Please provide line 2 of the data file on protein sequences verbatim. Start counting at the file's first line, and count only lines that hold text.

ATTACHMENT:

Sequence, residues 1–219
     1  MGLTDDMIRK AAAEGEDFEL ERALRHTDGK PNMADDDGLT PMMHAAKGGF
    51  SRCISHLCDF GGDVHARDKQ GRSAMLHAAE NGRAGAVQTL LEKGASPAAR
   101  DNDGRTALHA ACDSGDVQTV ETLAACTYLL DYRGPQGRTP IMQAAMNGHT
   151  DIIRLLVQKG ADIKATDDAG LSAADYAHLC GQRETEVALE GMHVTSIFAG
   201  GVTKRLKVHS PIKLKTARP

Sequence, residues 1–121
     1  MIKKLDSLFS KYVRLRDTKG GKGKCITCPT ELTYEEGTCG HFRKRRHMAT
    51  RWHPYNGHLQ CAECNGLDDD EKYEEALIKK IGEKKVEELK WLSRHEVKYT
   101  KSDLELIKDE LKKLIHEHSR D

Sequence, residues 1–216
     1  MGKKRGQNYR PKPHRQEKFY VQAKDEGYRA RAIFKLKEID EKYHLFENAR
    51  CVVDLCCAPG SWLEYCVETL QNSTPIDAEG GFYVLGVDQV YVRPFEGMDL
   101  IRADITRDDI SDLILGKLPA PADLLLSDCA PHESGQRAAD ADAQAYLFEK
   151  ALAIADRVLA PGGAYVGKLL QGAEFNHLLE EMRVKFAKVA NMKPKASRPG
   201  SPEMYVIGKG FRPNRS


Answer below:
     1  MGLTDDMIRK AAAEGEDFEL ERALRHTDGK PNMADDDGLT PMMHAAKGGF